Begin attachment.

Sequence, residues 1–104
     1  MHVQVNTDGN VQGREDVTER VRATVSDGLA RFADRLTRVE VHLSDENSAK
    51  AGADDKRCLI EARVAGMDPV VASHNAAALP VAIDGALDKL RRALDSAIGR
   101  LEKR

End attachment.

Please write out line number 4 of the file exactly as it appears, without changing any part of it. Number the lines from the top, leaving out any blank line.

   101  LEKR